BAKER STREET

by Eric J Baker

Like Shatner at the beginning of Wrath of Khan, I’ve been feeling old lately. The other day, I was chatting with the guys when I realized, for the first time, that I can sleep with a woman half my age and not get arrested. Sure, it would be creepy, just not illegal.

We said he could have topless babes in his posts, but Baker seems to want something vanilla this week.

My buddy, who’s much younger than me, said, “I won’t date a girl unless she can walk into a bar and buy a drink.” I said, yeah, good point. I wouldn’t either. Then it occurred to me that a woman half my age can walk into a bar and buy a drink. A woman like Cassie Scerbo (pictured above) for example, who stars in the ABC Family show Make It or Break It and is a freshly minted legal drinker. Ditto for recent 21ers Kristen Stewart and Emma Watson, who probably would have made more clickworthy lead images. However, Scerbo is lovelier than those two waifs, and, anyway, Stewart and Watson would be nuts to walk into a bar without a team of security guards. Such is fame.

This past Friday I was at some corporate event in a posh country club – the kind of place that would have tazed me at the gate twenty years ago, when my hair was long – and the woman serving our table was gorgeous, reminding me quite a bit of Japanese actress Shinobu Nakayama, only blonder and whiter. Appropriate to the setting, she was poised and dignified. I tried unsuccessfully to crack her façade with jokes and a wink or two, but then I thought, eh, she gets this from guys every night. And not just guys like me, from old guys too, like some of the dudes at the others tables who… are… my age.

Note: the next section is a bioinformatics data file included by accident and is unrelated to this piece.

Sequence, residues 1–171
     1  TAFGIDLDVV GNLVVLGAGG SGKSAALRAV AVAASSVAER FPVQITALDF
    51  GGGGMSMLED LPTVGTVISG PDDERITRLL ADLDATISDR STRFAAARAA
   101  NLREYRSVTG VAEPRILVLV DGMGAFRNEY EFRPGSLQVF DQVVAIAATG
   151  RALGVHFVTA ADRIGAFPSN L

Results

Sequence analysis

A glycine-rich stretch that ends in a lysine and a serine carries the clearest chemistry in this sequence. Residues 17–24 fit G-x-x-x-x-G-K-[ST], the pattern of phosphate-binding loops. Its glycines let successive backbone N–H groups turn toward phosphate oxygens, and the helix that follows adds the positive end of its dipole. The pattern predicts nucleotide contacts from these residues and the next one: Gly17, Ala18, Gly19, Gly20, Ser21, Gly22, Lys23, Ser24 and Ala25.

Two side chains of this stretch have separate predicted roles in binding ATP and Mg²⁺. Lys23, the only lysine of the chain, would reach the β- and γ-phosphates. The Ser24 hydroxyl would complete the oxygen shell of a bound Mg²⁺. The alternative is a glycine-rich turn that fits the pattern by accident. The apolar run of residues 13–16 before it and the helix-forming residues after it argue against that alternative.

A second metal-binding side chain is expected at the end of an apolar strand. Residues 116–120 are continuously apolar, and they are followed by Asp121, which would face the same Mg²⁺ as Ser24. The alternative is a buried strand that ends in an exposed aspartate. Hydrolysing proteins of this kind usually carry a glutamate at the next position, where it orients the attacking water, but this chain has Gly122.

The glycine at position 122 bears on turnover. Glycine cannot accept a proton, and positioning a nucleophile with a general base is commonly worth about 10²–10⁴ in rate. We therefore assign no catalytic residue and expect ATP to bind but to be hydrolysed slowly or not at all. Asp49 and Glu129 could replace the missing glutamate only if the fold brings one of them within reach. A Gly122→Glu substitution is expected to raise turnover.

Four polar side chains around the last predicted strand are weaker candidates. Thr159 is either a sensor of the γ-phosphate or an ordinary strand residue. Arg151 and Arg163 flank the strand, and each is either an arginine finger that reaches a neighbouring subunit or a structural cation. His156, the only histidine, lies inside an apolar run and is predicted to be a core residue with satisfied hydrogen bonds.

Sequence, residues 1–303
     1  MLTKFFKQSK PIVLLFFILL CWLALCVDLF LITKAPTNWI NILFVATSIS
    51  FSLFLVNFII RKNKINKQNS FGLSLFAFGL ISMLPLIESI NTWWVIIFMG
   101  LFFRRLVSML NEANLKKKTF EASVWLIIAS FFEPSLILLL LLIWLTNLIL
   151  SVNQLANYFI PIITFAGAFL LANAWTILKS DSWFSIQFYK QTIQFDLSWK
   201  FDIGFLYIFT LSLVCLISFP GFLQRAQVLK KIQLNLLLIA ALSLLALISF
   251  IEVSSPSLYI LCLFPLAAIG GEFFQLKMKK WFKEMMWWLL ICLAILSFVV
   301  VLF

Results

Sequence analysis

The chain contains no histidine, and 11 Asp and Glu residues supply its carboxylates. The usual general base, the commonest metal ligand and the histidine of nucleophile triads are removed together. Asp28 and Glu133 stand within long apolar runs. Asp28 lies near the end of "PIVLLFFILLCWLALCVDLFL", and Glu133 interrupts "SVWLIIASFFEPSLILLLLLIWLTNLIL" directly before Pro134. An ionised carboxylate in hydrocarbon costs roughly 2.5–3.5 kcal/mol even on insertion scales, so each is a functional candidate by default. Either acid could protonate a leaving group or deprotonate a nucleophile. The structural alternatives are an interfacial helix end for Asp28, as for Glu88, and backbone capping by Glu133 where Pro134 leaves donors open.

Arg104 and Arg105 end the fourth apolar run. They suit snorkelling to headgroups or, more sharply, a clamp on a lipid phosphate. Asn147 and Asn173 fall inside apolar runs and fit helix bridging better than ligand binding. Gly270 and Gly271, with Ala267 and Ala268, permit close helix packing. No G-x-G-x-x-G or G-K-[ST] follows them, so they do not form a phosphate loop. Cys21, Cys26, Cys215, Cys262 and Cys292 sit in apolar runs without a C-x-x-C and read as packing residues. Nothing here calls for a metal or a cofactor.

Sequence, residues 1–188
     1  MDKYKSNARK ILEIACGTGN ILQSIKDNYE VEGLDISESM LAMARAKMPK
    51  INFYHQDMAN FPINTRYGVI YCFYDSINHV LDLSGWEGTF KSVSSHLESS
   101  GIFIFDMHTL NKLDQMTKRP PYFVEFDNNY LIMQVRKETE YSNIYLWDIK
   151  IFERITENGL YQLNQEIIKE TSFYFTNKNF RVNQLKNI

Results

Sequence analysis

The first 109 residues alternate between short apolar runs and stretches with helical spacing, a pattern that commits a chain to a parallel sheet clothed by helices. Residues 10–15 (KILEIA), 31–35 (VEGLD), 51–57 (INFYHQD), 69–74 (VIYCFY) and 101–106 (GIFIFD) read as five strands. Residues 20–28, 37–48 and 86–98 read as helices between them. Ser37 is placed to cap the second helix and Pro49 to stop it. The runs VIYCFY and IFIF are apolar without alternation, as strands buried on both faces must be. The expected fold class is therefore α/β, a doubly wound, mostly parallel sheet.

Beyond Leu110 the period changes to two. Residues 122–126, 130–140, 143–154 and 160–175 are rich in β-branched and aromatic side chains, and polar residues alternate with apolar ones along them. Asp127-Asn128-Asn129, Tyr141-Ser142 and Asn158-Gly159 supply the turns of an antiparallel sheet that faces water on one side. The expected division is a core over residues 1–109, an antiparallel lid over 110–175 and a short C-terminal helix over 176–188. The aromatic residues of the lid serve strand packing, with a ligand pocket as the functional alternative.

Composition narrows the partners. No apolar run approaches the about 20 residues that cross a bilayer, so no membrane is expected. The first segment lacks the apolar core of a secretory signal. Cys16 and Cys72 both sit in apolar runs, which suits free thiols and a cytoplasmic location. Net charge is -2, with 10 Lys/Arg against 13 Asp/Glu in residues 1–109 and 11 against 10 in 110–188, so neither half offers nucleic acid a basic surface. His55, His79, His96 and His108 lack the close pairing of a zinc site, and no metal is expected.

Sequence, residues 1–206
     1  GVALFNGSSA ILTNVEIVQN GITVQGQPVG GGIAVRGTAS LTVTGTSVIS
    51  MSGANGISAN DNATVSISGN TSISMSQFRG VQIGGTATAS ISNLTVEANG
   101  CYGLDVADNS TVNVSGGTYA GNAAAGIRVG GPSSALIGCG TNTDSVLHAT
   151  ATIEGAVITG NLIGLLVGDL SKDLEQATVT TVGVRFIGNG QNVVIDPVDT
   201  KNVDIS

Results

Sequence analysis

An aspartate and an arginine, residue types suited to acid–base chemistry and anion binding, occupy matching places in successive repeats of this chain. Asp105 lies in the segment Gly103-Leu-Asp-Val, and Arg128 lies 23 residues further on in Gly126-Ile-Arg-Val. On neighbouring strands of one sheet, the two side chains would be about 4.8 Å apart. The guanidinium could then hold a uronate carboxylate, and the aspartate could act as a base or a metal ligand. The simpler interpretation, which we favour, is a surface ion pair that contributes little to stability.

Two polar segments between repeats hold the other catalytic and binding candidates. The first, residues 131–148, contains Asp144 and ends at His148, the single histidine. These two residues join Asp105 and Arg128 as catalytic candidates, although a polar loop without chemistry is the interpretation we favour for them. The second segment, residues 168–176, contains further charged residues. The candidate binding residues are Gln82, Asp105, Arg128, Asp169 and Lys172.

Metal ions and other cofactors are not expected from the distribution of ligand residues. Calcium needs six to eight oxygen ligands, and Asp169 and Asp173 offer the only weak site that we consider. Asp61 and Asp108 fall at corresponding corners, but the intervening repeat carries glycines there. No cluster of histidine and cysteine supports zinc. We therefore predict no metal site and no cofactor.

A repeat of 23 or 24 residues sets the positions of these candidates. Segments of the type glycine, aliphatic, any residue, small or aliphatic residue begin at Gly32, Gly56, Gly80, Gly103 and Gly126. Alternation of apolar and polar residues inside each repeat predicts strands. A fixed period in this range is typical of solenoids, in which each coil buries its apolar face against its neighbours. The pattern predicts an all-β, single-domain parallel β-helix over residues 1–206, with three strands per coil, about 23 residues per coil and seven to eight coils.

**insert silent scream here**

Shinobu Nakayama

I’m fortunate that people often mistake me for being in my late twenties, and I don’t mind if they are so mislead, but the truth can quickly reveal itself. My abs certainly aren’t what they used to be, and that wince I try to conceal is caused by the pain I get in my lower back whenever I turn too fast. Worse, I can’t lift weights anymore because of the damage to my wrists and elbows from almost 30 years of drumming. My hands cramp after a couple hours of guitar playing.

That doesn’t mean I’ll pack it in any time soon. I’ve read that Michael Schenker – the world’s greatest obscure guitar player – can no longer spread his left hand flat due to 50 years of nonstop chording. As a point of reference, Schenker is the younger and far more gifted brother of The Scorpions’ guitarist Rudolph Schenker. Michael was a child prodigy on violin who switched to guitar and ended up in the ‘70s British band UFO before departing for a long (and tumultuous) solo career. But not without first rejecting Steven Tyler of Aerosmith, who tried to recruit him as a replacement for Joe Perry. Aerosmith went on to sell about a hundred million albums, and Schenker went on to sell about eleven, nine of which I bought.

Schenker's hands might not unfurl, but they do what's most important.

I jest, of course. Schenker has a decent following, and you can check out his still amazing chops live this fall as he tours the U.S with fellow guitar hero Leslie West. He’ll hit the New York area midway through October and appear in L.A. on November 9. For a sample, check out this Youtube video from the early 80s. If brilliant, passionate guitar playing ain’t your thing, skip ahead to the singer with the anatomically correct pants. Is that his real gear or a rolled up sock? You decide. In the interest of full disclosure, I used to wear shit like that. One time, after a show, my girlfriend’s friend asked her, “Does it bother you that every single person in the building can see your boyfriend’s junk?” Ah, to be 20 again.